“To love at all is to be vulnerable. Love anything and your heart will be wrung and possibly broken. If you want to make sure of keeping it intact you must give it to no one, not even an animal. Wrap it carefully round with hobbies and little luxuries; avoid all entanglements. Lock it up safe in the casket or coffin of your selfishness. But in that casket, safe, dark, motionless, airless, it will change. It will not be broken; it will become unbreakable, impenetrable, irredeemable. To love is to be vulnerable” – C.S. Lewis
That was my life before her: lonely and selfish, wrapped in hobbies and little luxuries, safe and secure. But I didn’t want it to be, and at long last, after many years of never letting anyone in, I took the chance. For a year it was remarkable, and despite my worst career and financial hardships to date, I had never felt happier. But as time went on, one of us lost feelings and interest, and as always, it wasn’t me.
“I am saying that someone will be the risk for you someday,” my best friend said to me “Even after the chase, they will find you worth it, and they’ll never let you go.” Coming from someone whose wife had woke up one morning to tell him she didn’t love him and walked out of his life and our lives forever, hearing such positive, uplifting comments proved to me that miracles do exist. Somehow, someway, my friend got through those horrific circumstances. I remember how hard they were just for me as his friend! I never imagined he would be the one to comfort me in my suffocating depression and feeling of worthlessness. If my shreiking pain was unfathomable now, what had his been like?
For a year I fell more and more in love. I poured everything into my relationship and loved like a hurricane. I opened up, trusted, became more vulnerable than ever before with anyone else in my whole life. I can’t help but wonder if this was the problem. Should I have withdrew and stayed mysterious? At 27, I figured I was done with that, and I wanted something more.
With my friends scattered throughout the country and the world, her friends became my friends, her area started becoming my area, I longed to grow closer to her family, I anticipated trips and events with her and her friends. As always, I gave my all and lived to serve her, do life with her, and romance her into oblivion. It made me sad to see her leave each weekend or when I left her to head home. I never doubted her words, believing she would be there for me no matter what, until one day she wasn’t, and didn’t want me anymore. And just like that, I felt like I was cut off and erased. Any connection to me, decapitated. It left me feeling like a nobody who was in the way, needing to be discarded and thrown out. Somehow, I was suddenly unworthy of any kind of respect or dignity.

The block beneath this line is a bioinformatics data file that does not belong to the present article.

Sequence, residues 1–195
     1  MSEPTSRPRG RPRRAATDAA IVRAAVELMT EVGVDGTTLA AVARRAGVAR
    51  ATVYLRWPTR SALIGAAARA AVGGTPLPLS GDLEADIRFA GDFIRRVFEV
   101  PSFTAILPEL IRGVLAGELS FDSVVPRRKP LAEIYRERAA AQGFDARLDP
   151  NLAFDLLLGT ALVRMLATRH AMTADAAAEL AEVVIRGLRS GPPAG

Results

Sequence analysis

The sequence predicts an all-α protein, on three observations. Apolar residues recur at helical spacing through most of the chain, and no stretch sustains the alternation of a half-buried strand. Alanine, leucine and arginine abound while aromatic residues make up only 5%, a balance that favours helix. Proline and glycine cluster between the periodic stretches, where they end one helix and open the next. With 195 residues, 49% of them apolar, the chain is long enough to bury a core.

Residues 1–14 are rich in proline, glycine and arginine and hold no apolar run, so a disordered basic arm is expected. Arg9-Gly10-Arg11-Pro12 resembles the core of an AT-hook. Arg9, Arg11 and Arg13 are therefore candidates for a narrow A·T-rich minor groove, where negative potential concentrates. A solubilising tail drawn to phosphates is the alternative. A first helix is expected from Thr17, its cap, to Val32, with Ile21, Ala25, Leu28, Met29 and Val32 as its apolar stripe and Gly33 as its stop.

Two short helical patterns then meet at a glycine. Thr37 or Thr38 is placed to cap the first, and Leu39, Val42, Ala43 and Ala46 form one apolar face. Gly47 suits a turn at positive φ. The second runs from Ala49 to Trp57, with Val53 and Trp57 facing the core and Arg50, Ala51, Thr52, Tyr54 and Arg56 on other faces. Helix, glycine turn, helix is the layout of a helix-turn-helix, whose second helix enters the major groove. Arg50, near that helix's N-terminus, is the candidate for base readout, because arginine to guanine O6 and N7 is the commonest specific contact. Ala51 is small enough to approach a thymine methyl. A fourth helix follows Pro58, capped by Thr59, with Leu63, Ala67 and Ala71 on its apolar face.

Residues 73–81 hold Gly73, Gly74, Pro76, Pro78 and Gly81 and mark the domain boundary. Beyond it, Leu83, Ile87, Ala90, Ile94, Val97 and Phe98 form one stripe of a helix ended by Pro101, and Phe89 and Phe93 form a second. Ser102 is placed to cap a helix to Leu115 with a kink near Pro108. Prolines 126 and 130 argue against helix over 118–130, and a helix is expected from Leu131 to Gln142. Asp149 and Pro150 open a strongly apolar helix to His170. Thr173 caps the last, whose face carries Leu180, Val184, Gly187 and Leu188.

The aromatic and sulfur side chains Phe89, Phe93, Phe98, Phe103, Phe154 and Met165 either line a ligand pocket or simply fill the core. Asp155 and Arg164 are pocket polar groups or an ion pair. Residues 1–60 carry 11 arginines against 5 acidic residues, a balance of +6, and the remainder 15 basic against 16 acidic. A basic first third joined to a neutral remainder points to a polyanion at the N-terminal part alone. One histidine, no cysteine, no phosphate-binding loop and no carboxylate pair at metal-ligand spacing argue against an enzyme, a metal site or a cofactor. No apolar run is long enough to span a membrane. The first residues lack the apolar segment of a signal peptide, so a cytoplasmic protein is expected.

Time and time again, even the very best people had proven heartless toward me, and my relationships ended in abandonment. It’s one thing to break up, but quite another to cut them off and walk out of their life. Just when I had finally dissolved my bitterness from the past years and felt I had the courage to love again, the whole thing fell apart on me again, leaving me decimated and more hopeless than ever. Naturally optimistic and full of life, I turned the opposite, even though I didn’t want to be.
“One thing I can assure you of, just think, you are just that much closer now to finding your forever love,” my friend said to me. “Now you are so much closer than ever before, and on top of that, you are more clear than ever on what you want.”
Except I felt like I was never more far away and that I had lost my chance forever. At this age, I wanted someone who wasn’t just going to stick around for a chapter, but wanted to combine stories and write the rest together. Someone who thought me worthy of love and dignity. Against my will, I’d have to go back to wrapping myself in hobbies, little luxuries, and locking up my hemorrhaged heart in a safe, secure coffin of selfishness. A death without a funeral that would hope for one last chance of resurrection.
For the very first time in my life, I felt sympathy for people who resorted to alcohol, drugs, or even suicide to numb or escape their pain. Rather than judging or condemning, I felt for them in a way I never thought I would, because the torment I felt hurt mentally and even physically. For me, it wasn’t just heartbreak, it was coupled with so many other painful, tragic, and challenging circumstances that had all occurred in my life at the same time and throughout the same year.
I think having someone you love with forever love, disregard you entirely, and for no particular reason, finding your very existence not worth acknowledging to be the one thing that might be worse than dying, whether it’s intentional or not.
But hope comes in ways and through people I’d never expect, and at exactly the right moments. It might feel like a death with no funeral, but I can’t help but believe a bigger story might be unfolding. That’s the only hope I have left, so I’ll cling to it. I was never one to believe death was the end, anyway.
“So we beat on, boats against the current, borne back ceaselessly into the past”- The Great Gatsby